Once you get on the island you will have a bit of a walk, as the campsite is about 1/3 mile away from the harbour. So I can only suggest that if you are thinking of making your camping experience on Elliott Key as comfortable as possible, by bringing everything you can from home, then think again.
It will be you that has to carry it there and back again.
Whilst you should expect a little discomfort, you can still remain nice and lean, and the campsite does offer restrooms although they are coldwater showers.
Which I think I would rather be a little scummy, than showering under cold water, but that’s my choice.
Right Then Tent Is Up, Where Is That Can Of Beer I Was Saving?
Swimming And Wading
Bring your trucks when you visit the Key, as it does have a designated swimming area on the bay side of the island, which is just to the north of the harbour.
One word of warning, that although the water will be nice the shoreline, like many of the ones around the Florida Keys are rocky, and therefore not nice on your feet.
So bring some shoes with you that you can wear whilst you are having a dip.
Walking And Hiking
There is a loop that winds around the island, and is just about a mile in length.
Certain parts of it are closed due to the hurricane that hit back in 2005, but the wardens and part staff will be able to give directions to alternative routes, such as the Spite Highway.
This is a strip that runs down the centre of the island for about six miles, and affords a good opportunity to see a variety of habitats in the martime forest.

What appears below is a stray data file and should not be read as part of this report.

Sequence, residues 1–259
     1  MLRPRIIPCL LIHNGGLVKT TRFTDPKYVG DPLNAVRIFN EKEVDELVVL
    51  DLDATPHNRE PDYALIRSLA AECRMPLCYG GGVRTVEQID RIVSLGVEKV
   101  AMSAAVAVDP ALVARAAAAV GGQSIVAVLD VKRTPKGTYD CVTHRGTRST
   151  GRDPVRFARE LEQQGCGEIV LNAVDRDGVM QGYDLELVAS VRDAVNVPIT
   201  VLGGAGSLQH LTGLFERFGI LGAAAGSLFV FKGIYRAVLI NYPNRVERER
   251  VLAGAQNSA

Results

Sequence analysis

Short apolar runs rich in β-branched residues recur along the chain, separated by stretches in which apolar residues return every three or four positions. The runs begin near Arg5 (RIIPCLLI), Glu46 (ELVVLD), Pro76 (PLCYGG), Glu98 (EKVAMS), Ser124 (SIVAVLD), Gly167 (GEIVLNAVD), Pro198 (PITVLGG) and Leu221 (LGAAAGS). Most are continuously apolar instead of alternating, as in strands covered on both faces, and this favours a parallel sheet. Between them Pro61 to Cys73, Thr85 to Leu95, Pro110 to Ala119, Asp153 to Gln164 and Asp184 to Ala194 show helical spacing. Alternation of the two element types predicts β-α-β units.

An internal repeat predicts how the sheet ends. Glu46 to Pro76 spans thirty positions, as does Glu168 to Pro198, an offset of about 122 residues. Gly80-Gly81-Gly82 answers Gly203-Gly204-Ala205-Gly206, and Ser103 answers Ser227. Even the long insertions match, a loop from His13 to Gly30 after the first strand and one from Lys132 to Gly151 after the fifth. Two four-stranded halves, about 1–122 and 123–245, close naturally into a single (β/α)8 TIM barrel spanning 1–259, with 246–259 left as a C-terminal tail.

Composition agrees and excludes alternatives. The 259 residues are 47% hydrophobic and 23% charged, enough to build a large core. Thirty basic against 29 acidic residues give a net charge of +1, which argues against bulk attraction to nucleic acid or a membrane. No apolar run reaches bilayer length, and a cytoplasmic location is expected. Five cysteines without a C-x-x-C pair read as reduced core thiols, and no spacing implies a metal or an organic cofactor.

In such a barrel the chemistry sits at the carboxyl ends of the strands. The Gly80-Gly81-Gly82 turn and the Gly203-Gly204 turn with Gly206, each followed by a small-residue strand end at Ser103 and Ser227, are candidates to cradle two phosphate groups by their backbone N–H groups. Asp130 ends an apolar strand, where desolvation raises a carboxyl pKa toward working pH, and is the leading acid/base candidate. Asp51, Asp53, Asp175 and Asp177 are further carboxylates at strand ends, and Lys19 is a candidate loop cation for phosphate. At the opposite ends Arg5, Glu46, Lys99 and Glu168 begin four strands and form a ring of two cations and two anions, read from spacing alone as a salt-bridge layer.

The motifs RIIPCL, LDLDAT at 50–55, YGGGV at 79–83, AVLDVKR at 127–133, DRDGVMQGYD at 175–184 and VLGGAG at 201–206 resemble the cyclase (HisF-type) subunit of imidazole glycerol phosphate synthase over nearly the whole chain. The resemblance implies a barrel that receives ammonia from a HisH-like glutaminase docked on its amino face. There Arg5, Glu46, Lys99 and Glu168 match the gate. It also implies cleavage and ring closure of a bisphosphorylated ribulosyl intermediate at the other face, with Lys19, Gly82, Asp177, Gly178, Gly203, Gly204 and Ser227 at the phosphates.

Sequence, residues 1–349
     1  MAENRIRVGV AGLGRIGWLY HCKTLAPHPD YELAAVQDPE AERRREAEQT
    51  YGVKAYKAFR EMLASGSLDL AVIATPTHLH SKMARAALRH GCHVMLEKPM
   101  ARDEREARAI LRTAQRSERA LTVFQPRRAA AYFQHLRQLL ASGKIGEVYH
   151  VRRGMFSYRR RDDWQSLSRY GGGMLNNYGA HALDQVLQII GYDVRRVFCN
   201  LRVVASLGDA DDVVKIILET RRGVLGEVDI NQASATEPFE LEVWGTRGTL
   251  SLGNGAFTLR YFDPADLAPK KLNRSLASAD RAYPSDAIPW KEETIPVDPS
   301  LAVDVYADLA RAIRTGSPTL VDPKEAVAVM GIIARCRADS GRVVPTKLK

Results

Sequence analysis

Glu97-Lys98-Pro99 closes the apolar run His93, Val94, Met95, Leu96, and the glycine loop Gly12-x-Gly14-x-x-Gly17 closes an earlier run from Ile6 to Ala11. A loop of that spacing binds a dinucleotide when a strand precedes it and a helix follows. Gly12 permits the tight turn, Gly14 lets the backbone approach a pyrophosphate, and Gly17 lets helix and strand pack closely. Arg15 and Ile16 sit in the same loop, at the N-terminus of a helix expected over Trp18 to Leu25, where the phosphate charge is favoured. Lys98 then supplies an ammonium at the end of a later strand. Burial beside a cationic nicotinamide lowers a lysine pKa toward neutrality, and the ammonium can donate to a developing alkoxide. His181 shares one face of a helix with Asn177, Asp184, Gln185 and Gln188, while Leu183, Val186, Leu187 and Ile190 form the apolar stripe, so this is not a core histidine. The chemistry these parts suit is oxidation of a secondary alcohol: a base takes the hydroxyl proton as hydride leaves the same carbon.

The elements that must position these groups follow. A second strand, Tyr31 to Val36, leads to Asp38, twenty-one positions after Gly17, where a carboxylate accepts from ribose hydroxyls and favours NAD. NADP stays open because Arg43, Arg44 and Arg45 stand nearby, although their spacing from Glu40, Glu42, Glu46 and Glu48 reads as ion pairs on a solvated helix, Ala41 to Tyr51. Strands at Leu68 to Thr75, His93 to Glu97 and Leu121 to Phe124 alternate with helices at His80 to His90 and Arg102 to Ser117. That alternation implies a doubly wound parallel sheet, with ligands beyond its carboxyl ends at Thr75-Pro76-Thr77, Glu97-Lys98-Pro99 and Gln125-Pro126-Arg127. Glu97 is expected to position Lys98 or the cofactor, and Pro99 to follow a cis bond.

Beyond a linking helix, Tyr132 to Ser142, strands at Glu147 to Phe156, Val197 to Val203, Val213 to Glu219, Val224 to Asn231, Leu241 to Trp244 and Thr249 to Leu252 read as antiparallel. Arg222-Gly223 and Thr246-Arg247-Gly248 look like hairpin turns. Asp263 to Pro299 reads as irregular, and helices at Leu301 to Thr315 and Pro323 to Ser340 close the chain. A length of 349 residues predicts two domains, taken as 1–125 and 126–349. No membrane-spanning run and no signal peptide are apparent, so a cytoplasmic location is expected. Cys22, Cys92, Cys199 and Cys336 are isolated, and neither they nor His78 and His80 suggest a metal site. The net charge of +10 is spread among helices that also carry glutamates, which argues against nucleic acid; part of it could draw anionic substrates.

If you want to go fishing then you can do so over at the south of the harbour or from the shoreline, although you may need to have a fishing licence to do so.
For more information on fishing Florida keys waters and what type of regulation licence you need read more here.
But many people swear that although the fishing here doesn't have the excitement of perhaps gamefishing down in Islamorada, it is truly peaceful and relaxing, and has a good range of possible catches to be made.
All in all you will be getting a great day and night (if you fancy camping) at this wonderful and often forgotten part of the Florida Keys.
So although I can understand that the thought of stopping here, when your urge to get down the Overseas Highway and really into the Florida Keys maybe something that you can't be bothered with.
But coming back from vacation, why not make the effort to finish off your trip as the Florida Keys would want you to do.
Enjoying the simple, beauty and "Get Away From It All" that the islands are all about.
And Elliott Key provides better than most.
Directions To The Park
Getting There & Access Points
The park's mainland entrance, is 9 miles east of Homestead.
To reach the park from Miami, take the Florida Turnpike to the Tallahassee Road (SW 137th Ave.) exit.
Turn left, then left again at North Canal Drive (SW 328th St.), and follow signs to the park.
Another option is to rent a speedboat in Miami and cruise south for about 1 1/2 hours.
If you're coming from U.S. 1, whether you're heading north or south, turn east at North Canal Drive (SW 328th St.).
The entrance is approximately 9 miles away.
The rest of the park is accessible only by boat.